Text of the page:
These girls live at Roldal, several miles away down the mountain ; we shall presently see the village from which they came. According to the universal custom in this part of Norway, they have come up here to spend the better part of the summer, taking care of the cows and goats and making up butter and cheese on the spot, in order to leave untouched all the available grass in fields near home. The winter lasts so long that farmers have to plan with the wisest foresight and thrift, in order to provide enough fodder for the live stock. Perhaps these women-folks may take turns going down home now and then for a brief holiday, but oftener they stay several weeks at a stretch, and friends come up on Sunday for a neighborly visit.
The rude stone hut at the left is a storehouse where butter and cheese are kept until it is time to go down home at the end of the season. In old times such a cabin served as a temporary home also, but these are prosperous people, and that little timber cottage now comprises lodgings and dairy. Everything is bare and plain to the last degree, but scrupulously clean according to farmhouse standards. There is a stone hearth on which a roaring fire can be built for scalding these milk-buckets, for cooking oatmeal porridge, or for keeping the place cosy through a hard storm. The bedsteads are bunks built into the side of the room and furnished with beds of hay or straw.
Norwegian people are famous for their hospitality, and never more so than at a place like this. Over and over again travelers have told about the kindly reception given to strangers who came tired and hungry. The baggage brought up from home weeks ago included plenty of fladbrod (bread of oats and barley in thin cakes), bacon and coffee; milk, butter and cheese are naturally plentiful. The work is con-fining, for the cows and goats must always be watched to prevent their wandering off into dangerous places, and the labor of milking is itself no small matter, preliminary to churning and cheese-making; however, these young women have probably brought knitting or embroidery with them to fill available scraps of time. The animals are called together at night by yodeling somewhat as Swiss cowherds do it, and by blowing on long horns made of birch bark. One such yodel has been put into English in this wise :-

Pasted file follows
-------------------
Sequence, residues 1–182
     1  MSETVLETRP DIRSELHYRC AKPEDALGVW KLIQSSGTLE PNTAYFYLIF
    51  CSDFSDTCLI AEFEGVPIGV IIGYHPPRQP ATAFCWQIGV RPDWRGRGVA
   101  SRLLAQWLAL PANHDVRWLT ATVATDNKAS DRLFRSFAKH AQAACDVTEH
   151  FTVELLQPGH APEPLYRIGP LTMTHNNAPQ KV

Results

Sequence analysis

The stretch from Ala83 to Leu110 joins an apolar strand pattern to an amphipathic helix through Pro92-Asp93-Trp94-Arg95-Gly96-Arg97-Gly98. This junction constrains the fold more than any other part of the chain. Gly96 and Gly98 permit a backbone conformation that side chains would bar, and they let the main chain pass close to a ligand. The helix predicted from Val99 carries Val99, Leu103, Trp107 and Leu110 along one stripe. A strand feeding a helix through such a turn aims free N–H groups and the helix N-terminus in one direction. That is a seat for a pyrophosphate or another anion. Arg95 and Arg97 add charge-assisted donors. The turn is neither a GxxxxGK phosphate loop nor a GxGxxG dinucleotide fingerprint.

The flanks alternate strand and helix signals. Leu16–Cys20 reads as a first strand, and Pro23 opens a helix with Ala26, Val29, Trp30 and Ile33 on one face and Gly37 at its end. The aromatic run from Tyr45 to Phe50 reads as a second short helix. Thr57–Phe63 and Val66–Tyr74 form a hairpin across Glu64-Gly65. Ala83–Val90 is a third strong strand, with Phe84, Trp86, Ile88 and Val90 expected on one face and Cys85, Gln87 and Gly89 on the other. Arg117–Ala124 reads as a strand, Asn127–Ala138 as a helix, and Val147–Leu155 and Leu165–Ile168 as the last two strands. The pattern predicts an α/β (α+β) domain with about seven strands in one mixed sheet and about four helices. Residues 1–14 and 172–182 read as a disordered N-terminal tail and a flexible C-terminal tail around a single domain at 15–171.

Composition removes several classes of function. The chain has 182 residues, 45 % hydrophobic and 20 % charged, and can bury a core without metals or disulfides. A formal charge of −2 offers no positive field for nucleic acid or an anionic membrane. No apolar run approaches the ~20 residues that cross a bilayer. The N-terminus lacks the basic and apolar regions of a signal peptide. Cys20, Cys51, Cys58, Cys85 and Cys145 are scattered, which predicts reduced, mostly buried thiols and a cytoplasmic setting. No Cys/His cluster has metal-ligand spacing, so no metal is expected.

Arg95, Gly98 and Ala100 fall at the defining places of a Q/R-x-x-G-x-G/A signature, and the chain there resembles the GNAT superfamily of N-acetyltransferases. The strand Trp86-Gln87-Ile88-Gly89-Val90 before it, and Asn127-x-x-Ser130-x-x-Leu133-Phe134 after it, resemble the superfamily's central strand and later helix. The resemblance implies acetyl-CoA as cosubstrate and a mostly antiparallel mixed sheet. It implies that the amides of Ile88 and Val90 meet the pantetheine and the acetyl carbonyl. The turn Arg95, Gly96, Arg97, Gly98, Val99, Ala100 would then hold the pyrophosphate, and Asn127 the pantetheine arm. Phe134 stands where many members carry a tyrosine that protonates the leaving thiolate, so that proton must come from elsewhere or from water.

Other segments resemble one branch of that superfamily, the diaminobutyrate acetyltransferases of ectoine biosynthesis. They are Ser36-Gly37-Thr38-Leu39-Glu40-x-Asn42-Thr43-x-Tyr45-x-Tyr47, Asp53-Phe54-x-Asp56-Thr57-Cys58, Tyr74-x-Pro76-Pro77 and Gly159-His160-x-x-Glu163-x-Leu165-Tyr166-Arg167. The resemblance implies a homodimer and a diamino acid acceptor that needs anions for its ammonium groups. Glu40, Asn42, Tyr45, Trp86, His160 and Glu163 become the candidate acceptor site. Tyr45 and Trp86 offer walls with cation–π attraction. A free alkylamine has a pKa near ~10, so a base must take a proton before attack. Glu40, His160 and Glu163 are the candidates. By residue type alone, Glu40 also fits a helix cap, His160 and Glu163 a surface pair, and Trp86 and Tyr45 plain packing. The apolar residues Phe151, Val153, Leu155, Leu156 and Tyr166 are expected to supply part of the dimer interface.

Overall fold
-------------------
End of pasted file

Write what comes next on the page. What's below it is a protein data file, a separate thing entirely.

“Come children all That hear my call, Brynhilda fair With nut-brown hair! Come, little Rose, Ere day shall close ; And Birchen Bough, My own dear cow ; And Morning Pride ; And Sunnyside ; Come children dear, For night draws near. Come, children !”
A walled yard or corral is set off close by the house, in which the animals are shut up over night.
Du Chaillu, the author of the Land of the Midnight Sun, gives a pleasant account of his own visit to a saeter like this years ago, and the generous kindness with which he was treated. Norse writers of country stories almost always tell more or less about life at a place of this sort ; it is a nearly universal experience of farmers’ daughters, for even those who are so well-to-do that they are not obliged to share in the work like the “picnic” part of it, and often join the others for the fun. Bjornson’s Synnove Solbakken has an interesting chapter where Synnove and Ingrid come up to a place like this. Boyesen’s Gunnar gives a charmingly poetic account of the long climb up to Ingeborg Rimul’s saeter, of the work and the strange fascination of out-of-door life so far up on the heights.
Mrs. Tweedie, who wrote A Winter Jaunt in Norway, had a desire to see what such a place would seem like in the dead of winter, and persuaded some obliging Norse friends to get up a cold-weather picnic for her benefit in a saeter farther east in this same province. The experience is worth reading.
Leaving the saeter girls at their work you go on now down the road which they too will travel at the end of the summer, with the cows and goats and the accumulated stock of dairy stuff. In three-quarters of an hour or so you reach a turn of the road where every traveler pauses to look off. Find the place on Map 5. It is marked 31, and the red lines, as we see, indicate an outlook of several miles, including part of a distant lake.